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The local Dota 2 scene is in trouble because of drug regulations

The local Dota 2 scene is in trouble because of drug regulations

Last January 5, 2018, was a sad day for the Filipino esports community. Galaxy Battles II, a tournament organized by Galaxy Battles Management for the game Dota 2, has been revoked of the Dota Pro circuit status by Valve. The event is expected to take place on January 19-21, just a mere few weeks away from the announced cancellation. The organizers decided to cancel the event, as Valve pulls out their major status because of the newly implemented regulations set by the Philippine government wherein professional e-gamers will have to submit necessary records, submit fees and undergo drug testing.

Valve, in their official statement released last January 4, said, “This is based on what we feel are unreasonable infringements on the privacy of the players, as a condition to enter the country. The tournament itself may still proceed, but without any involvement of Valve or the Dota Pro Circuit. This isn’t a reflection on how we feel about fans in the Philippines, and we are sorry for those that were planning on attending the event.”

This gained buzz from the game’s fans all over the country, of course. The event has been publicized and have been starting to sell tickets since last year. Imagine getting excited about something only to know that a few weeks later, the game has been changed.

Yes, we get it, the Philippine government has finally come to realize and acknowledge the esports industry that they added it to the list of sports which will need licensing if it were to be done professionally. But isn’t drug testing for esports a little bit too much?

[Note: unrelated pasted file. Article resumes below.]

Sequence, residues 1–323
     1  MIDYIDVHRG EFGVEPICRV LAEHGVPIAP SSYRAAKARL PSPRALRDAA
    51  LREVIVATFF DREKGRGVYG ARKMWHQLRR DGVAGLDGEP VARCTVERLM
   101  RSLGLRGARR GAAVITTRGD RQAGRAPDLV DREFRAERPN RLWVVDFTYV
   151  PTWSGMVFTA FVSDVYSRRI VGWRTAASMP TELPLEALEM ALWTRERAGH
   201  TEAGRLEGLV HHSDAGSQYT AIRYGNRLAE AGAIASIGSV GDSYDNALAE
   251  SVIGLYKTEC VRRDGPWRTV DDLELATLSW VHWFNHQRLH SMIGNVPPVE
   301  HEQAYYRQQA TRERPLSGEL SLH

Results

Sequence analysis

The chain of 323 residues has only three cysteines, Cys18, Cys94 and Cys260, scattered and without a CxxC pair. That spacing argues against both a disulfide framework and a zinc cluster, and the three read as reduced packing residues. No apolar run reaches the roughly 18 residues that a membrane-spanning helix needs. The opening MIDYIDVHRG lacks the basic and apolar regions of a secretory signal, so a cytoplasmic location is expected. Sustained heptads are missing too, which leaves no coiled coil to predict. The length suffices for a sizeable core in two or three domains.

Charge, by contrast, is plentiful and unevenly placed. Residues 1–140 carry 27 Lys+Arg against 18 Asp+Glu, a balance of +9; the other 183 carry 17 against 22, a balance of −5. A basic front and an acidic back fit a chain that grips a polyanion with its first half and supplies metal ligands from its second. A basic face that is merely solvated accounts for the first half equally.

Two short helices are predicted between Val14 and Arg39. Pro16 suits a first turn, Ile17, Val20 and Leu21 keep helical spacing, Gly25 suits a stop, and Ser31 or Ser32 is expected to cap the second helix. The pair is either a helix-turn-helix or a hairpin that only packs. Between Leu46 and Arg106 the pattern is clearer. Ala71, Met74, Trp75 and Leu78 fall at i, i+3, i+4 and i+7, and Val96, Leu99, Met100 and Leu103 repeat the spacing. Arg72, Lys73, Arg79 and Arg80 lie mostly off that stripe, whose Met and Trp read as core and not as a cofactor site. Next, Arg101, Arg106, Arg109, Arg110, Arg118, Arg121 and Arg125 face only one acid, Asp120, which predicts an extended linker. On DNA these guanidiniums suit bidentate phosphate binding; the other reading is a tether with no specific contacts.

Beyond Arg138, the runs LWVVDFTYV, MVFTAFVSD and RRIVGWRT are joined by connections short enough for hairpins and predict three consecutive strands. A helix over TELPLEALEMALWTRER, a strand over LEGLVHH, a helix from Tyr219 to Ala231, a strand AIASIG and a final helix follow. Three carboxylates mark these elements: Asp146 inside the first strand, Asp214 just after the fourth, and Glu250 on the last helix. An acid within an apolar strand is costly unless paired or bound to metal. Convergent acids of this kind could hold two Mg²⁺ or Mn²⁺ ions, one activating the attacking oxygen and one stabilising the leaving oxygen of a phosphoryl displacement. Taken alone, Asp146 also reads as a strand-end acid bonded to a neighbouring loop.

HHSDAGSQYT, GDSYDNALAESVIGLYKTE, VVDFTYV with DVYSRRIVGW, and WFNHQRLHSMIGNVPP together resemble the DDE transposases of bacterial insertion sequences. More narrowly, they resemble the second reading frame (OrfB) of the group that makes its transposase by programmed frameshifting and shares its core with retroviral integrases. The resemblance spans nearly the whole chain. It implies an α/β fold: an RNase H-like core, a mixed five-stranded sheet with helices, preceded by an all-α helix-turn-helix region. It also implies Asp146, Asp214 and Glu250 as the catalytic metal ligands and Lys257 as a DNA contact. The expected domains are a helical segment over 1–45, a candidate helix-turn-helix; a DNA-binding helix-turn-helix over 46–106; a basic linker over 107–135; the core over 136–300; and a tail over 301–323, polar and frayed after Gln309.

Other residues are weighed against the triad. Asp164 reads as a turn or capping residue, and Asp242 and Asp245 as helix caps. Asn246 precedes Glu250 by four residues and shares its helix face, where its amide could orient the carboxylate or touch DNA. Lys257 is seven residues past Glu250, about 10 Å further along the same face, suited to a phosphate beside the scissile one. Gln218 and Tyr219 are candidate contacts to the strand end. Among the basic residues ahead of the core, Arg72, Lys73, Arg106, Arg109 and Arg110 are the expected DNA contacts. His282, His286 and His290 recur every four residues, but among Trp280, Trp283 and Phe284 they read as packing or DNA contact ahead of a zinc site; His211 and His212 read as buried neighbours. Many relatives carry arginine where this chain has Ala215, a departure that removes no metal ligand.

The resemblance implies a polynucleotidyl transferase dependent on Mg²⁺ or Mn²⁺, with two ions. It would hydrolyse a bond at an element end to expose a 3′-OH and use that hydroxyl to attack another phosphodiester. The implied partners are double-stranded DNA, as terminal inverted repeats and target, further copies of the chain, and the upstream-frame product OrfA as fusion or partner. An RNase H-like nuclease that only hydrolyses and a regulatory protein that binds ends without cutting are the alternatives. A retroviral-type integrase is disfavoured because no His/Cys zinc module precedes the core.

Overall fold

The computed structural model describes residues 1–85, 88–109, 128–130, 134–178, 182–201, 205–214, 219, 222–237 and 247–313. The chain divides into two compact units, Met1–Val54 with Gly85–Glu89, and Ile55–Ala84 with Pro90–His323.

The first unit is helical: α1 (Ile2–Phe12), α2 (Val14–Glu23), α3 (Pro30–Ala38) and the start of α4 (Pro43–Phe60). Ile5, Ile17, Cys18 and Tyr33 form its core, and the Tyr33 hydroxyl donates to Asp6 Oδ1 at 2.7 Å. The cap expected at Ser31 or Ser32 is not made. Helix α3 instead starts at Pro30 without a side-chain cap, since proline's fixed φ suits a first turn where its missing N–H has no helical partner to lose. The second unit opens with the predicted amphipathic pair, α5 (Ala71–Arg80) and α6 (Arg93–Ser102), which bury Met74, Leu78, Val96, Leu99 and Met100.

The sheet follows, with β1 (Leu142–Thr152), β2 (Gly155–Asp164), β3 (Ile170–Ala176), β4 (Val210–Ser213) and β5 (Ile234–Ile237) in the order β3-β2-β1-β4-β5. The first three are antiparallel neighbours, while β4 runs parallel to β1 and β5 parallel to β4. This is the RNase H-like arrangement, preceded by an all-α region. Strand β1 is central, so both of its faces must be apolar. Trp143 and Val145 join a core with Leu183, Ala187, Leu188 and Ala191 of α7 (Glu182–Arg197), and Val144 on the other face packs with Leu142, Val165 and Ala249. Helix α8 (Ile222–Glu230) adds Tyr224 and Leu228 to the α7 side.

Filipinos have been known for avid players of Dota 2. It’s still literally everywhere. Computer shops nationwide offer the game. That’s how great its following is here in the country. Besides, it has been quite some time since our country have hosted international esports tournaments. Unfortunately, Galaxy Battles II will have to be the first blood for these new regulations set by our country.

With this, it left everyone in question. We know the side of the developer, the organizer and the fans but have you ever thought what it’s like and how it feels like for the players of the event? And what does this mean for the future of esports?

Imagine you’re an athlete and you have been training hard for your event. You’ve prepared for this months, even years, before the competition. Add the fact that it took you years to develop the skill and confidence to put yourself in the competing team. There must also be players from other parts of the world, too, booked and set just to compete. So can you imagine the hassle and the dying anticipation?

These, however, are just minor issues the gamers have to face. Looking deeper, it’s the main issue of requiring drug testing for the said event. The government has taken a lot of measures for a stricter drug policy (read; The War on Drugs) so this area being touched with it isn’t no surprise already but it could have been reconsidered.

It is for a fact that submitted personal records of the players will be kept confidential. But you see, if you’ve been keeping an eye on the teams, the absence of one will have to possibly mean a failed requirement. Thus, making the confidentiality almost useless.

With all of these taken into consideration, surely the Filipino e-games community are hoping for some sort of compromise with all parties concerned. It is time we put recognition and support to our players.

By Jessa Marie Barbosa
Photo by Joy Picar


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